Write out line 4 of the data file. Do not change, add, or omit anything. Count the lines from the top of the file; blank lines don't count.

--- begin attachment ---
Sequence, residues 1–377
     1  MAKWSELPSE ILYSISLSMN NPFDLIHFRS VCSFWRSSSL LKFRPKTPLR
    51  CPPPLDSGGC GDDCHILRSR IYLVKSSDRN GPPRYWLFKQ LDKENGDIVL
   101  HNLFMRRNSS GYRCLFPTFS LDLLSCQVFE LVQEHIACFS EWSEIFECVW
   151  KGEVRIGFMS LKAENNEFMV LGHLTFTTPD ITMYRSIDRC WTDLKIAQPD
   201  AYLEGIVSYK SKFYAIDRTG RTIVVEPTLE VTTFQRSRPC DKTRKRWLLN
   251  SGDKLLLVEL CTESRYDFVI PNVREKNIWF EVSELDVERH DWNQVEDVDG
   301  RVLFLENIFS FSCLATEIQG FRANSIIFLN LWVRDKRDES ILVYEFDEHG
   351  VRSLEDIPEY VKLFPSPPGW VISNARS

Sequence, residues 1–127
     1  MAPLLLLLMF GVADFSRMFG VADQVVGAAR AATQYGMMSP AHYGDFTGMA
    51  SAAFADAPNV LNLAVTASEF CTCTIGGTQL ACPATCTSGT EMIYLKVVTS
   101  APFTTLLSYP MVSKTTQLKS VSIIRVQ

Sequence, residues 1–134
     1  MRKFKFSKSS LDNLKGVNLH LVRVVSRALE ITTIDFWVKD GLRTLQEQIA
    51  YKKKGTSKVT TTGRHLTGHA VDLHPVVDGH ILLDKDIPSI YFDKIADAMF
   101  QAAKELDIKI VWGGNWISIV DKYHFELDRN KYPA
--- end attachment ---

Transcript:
   101  HNLFMRRNSS GYRCLFPTFS LDLLSCQVFE LVQEHIACFS EWSEIFECVW